But he called her from below her, 'Do not grieve; your Lord has provided beneath you a stream. And shake toward you the trunk of the palm tree; it will drop upon you ripe, fresh dates. So eat and drink and be consoled. And if you see anyone from among humanity, say, "Indeed, I have vowed to the Most Merciful, so I shall not speak to any human today."'
Qur'an 19:24-26

In the midst of her despair, God responds in three ways:

From nowhere, a voice calling out: Do not grieve. We all need to hear this. We all need someone to tell us it’s going to be ok. Some say the voice is from the angel Gabriel who suddenly appears to comfort her then offer advice, but some say the voice is a miracle – the voice of the baby she birthed.

Just shake the tree trunk. Again, if you’re not paying attention, you might miss this little detail. But in the Qur’an, I always find, it’s the little details that change my life. To me it means, when you’re at your absolute worst, you still have make some effort to change your situation – even if it’s a small one.

God could have simply commanded the dates to fall off the tree. Or suddenly appear in Maryam’s hand. Or sent the angel Gabriel with a plate of food. But God didn’t do that. Why not? I reckon God is showing us – look, I know you’re hurting, but the things you need aren’t as far away as they seem, come on, don’t give up yet, just take a little step and you’ll see.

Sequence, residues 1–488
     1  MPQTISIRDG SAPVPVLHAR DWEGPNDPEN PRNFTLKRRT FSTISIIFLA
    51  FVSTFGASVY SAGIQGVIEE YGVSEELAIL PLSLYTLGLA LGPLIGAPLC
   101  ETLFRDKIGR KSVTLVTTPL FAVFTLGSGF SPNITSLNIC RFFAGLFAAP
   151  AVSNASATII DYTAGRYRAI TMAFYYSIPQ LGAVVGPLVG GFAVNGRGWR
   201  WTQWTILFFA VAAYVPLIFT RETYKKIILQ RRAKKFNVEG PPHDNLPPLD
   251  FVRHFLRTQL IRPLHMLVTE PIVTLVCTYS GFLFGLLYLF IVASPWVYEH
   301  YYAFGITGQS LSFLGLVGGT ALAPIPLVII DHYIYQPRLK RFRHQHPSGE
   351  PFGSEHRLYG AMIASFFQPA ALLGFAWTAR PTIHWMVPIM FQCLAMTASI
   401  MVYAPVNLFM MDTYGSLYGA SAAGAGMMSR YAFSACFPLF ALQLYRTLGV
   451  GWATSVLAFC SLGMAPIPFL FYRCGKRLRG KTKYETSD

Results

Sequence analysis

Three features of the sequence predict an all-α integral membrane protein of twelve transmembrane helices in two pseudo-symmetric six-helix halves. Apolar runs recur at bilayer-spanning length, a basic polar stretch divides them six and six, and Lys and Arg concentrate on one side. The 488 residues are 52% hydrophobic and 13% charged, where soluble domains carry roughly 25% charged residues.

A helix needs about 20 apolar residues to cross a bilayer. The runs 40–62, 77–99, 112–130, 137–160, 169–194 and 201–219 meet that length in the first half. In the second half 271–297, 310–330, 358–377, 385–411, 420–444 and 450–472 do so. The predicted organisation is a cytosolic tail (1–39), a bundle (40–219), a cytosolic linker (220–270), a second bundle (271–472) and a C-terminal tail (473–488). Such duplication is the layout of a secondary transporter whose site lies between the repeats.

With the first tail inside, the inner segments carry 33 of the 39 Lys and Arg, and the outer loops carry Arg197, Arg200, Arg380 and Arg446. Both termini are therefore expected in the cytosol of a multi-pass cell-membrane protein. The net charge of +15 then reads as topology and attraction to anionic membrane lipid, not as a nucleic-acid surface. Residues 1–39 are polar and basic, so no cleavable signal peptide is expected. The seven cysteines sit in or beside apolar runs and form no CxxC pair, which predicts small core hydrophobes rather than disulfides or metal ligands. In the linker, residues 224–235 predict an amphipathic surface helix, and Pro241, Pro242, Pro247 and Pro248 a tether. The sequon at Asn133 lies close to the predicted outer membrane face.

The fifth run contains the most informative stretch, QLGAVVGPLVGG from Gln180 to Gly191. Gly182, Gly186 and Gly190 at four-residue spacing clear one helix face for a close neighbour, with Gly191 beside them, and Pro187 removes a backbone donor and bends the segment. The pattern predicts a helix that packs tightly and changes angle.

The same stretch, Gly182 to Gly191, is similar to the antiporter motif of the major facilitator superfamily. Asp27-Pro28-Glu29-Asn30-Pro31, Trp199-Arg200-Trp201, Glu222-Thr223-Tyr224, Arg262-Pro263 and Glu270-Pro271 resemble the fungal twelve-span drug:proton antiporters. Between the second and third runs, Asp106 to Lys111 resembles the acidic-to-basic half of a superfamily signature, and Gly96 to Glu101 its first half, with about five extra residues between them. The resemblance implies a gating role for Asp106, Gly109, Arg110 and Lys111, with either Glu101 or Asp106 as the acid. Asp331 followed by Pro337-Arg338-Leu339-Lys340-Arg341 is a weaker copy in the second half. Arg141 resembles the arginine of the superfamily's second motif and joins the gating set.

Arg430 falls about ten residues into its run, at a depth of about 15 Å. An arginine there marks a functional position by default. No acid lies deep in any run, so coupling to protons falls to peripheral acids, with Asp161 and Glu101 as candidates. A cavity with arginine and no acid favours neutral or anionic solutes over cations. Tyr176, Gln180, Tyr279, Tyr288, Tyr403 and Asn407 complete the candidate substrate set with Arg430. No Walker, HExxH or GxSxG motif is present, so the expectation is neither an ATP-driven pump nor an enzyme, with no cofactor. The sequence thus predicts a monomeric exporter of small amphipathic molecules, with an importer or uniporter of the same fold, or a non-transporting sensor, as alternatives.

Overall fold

It reminds me of the famous reported saying of the Prophet Muhammad (pbuh):

God says: if you take one step towards me, I will take ten steps towards you. If you walk towards me I will run towards you.

When she goes to the town and meets her people, she must tell them she has vowed a fast of silence. When she goes back to her people they are aghast – she has come back unmarried, with a baby! They question her.

She does not speak. Then from her arms, a miracle happens. The newborn baby Jesus speaks:

Indeed, I am the servant of Allah. He has given me the Scripture and made me a prophet. And He has made me blessed wherever I am and has enjoined upon me prayer and almsgiving as long as I remain alive…
Qur'an 19:30-31